The sweeping grounds of Glyndebourne, with their views on to the rolling green of the South Downs, their grazing lambs and their lilypad pond, exude a particular type of Englishness. Add to that the festival’s patrons, perambulating at unfathomably slow pace, dressed for the most part in black tie and all sorts of exotic scarves, and you end up with a scene that simply could not be happening anywhere else. The parking situation is remarkably civilised. The smatters of conversation you catch as you move through the grounds between people unpacking their picnics are often variations on “isn’t this LOVELY”, only intensifying the overall sense of loveliness.
Yet Englishness, as regular readers of the New Statesman will be aware, is not singularly defined in these undulating green terms. And on the opening night of the festival on Saturday (21 May), on a perfect English summer day punctuated with glasses of English sparkling wine, another kind of national identity competed for attention in Ethel Smyth’s 1906 opera The Wreckers, directed by Melly Still in its first staging since 1983 and the first proper revival in a century. On a dark, cold stage, with a haunted-looking cast draped in fishing nets, and a pre-Britten dissonance running through the choral settings, it projects a very different outlook on English culture.
Despite its obscurity The Wreckers has been described as the most important English opera composed between Henry Purcell (1659-1695) and Benjamin Britten (1913-1976). Set in Cornwall in the late 19th century, it is a story of profound tension, struggle and moral ambiguity in a community whose survival depends on luring ships on to the rocks for plunder. Though the opera’s villain may be Pasko, the pastor who has ensnared the young heroine Thurza into marriage and who condemns the villagers for their drinking and debauchery, to the villagers it is Thurza who must be ostracised — because she dissents against the wrecking. When they discover that someone has been lighting beacons to save the ships, they vow to punish whoever has been “seduced by the devil”.
Smyth was adamant not to be known as a “woman composer”, but her gender undoubtedly affected the arc of her career. She wrote six operas between the 1890s and 1920s — The Wreckers was initially given a good showing by the esteemed English conductor Thomas Beecham — but it is Britten who is now known as Britain’s first significant composer of opera post-Purcell. Smyth undoubtedly would have felt strongly about her somewhat trampled legacy: she was a staunch feminist and prominent suffragette, once jailed for vandalising a politician’s home, and has been romantically linked to Emmeline Pankhurst and Virginia Woolf.
And as much as this is an opera about England — not only in its musical flirtations with folk song and English landscape, but in its depiction of an isolated community living in poverty and desperation — it is also an opera about women. At its heart are Thurza and Avis, an accepted member of the wrecker community who is nevertheless chastised by Pasko for her feminine appearance and jewellery. Avis shrieks that he is a “censor of women” as he takes her necklace; indeed, Pasko holds Thurza in a loving grip that she finds more abhorrent than the hatred directed at her by the villagers.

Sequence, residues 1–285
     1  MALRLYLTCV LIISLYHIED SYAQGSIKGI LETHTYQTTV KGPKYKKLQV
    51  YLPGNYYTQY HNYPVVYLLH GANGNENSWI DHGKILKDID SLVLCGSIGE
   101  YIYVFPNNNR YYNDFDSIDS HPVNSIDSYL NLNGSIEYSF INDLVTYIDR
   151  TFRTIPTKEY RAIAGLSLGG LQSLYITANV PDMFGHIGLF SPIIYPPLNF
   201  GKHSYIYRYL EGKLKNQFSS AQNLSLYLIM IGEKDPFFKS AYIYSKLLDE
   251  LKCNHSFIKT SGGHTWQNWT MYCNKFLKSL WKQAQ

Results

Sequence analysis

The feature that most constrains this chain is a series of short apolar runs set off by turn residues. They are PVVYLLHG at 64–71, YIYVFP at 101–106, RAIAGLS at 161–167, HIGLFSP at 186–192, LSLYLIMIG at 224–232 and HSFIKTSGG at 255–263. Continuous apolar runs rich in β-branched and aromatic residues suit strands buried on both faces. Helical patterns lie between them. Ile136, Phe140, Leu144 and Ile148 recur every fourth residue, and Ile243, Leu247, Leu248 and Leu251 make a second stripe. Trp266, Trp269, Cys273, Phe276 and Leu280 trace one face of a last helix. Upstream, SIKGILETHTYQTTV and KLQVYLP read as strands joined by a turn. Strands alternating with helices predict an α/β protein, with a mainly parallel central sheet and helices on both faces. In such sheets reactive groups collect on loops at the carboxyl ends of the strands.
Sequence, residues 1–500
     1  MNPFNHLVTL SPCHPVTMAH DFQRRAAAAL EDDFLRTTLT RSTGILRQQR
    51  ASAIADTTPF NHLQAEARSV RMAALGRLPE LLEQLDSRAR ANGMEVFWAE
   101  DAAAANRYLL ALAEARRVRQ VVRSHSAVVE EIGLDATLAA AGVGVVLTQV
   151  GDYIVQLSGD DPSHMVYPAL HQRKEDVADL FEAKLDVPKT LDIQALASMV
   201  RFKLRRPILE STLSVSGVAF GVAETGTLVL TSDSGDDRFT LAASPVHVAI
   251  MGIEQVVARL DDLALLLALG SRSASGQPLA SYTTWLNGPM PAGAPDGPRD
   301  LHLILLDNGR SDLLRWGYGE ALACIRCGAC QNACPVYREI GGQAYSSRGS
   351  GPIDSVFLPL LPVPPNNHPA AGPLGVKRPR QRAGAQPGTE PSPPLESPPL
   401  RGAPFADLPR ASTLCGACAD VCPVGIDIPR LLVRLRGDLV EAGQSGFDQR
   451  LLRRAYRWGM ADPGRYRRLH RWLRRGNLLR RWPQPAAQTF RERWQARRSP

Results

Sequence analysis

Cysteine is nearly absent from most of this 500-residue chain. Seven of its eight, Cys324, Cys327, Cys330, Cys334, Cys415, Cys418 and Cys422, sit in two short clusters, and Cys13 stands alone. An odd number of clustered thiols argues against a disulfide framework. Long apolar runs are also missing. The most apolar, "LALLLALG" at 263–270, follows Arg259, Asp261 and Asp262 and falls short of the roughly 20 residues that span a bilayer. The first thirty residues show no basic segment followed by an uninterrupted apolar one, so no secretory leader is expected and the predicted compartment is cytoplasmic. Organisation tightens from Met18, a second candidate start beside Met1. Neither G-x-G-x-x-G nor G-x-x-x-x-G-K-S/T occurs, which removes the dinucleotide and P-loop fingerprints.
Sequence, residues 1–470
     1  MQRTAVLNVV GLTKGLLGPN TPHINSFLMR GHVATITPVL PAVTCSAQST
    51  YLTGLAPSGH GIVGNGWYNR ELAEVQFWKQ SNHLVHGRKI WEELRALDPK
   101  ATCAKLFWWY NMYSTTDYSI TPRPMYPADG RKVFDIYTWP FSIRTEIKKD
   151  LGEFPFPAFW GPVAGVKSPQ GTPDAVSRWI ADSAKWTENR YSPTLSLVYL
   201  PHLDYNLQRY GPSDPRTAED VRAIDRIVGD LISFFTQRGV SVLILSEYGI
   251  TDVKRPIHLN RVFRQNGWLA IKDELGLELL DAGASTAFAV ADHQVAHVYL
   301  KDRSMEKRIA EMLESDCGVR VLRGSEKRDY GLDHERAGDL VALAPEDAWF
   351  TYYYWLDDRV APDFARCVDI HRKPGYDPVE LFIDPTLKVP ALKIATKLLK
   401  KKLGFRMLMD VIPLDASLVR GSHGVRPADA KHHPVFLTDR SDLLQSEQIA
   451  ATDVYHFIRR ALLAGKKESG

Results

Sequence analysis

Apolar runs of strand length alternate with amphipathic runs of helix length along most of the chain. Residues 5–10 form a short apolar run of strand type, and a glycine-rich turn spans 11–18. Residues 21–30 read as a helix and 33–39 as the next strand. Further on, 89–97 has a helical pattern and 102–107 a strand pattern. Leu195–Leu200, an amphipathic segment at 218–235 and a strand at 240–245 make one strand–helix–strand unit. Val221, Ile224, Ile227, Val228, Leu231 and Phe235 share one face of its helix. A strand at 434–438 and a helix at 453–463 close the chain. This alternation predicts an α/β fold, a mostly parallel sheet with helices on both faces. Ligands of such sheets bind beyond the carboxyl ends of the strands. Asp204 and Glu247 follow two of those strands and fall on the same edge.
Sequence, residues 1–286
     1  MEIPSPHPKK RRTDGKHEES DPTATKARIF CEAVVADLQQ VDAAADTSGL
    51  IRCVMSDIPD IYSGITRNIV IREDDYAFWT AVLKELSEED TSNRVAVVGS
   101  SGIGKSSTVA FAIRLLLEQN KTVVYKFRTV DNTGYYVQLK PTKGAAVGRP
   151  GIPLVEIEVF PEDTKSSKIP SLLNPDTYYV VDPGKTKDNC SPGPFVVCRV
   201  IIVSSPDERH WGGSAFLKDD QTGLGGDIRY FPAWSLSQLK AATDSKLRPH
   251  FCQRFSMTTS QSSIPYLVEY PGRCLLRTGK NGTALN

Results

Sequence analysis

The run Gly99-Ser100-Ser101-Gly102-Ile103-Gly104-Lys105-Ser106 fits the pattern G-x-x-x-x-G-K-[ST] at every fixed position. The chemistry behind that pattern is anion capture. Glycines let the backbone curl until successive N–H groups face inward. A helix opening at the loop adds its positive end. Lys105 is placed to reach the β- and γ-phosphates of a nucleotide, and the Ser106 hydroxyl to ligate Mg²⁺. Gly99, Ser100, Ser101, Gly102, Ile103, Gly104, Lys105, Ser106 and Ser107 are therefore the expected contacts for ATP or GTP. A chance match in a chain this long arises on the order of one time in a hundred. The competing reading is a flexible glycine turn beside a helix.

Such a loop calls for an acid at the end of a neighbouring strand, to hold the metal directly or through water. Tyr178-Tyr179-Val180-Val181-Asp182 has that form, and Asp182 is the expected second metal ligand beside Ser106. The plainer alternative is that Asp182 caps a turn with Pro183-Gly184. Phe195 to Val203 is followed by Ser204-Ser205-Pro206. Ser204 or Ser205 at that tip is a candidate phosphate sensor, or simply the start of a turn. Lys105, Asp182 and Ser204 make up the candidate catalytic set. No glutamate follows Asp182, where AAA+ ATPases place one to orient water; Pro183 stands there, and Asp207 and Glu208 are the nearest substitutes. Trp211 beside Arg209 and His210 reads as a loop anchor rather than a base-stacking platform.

Though the two women are embroiled in a classically operatic love quadrangle with Pasko (Philip Horst) and Marc (Rodrigo Porras Garulo, the lead tenor) it is their own senses of self within the oppressive structures of both the wreckers and the patriarchy that brings the most fire to the stage. The two roles — Avis’ haunting soprano delivered by a radiant Lauren Fagan, and Thurza’s mezzo (unconventional for an operatic heroine) by a melancholic Karis Tucker — stay ringing in your ears.
An orchestral score with twangs of modernism and a libretto in French defined by power struggles make for an unsettling yet profound experience. Four women in Edwardian black dresses haunt the stage — ghosts of the wrecked, perhaps — and death and decay hangs over everything. In a final perverse and ambiguous power struggle, Thurza is discovered to be the one lighting the beacons, a crime punishable by death. She is happy with her fate, which will enable her to be with her lover, Marc, forever, but Pasko asserts himself once more by commanding that she must not be allowed to die, and must instead live in remorse and misery.
Glyndebourne’s season will proceed in full, pre-pandemic force; as well as The Wreckers it includes the old favourites Marriage of Figaro, Don Pasquale and La Bohème. All will no doubt contribute to a jolly nice day out, alongside a picnic in some of the most beautiful countryside in England and the sense of ritual that imbues this part of national culture with stability. Yet Smyth’s work is there among it, smudging the picture, showing pain, confusion, community, aloneness and something as unstable as the surface of the sea. It’s disruptive and powerful, a splash of icy water on a balmy summer day. It is, somehow, so very English.
[See also: Against the Bolaño industry]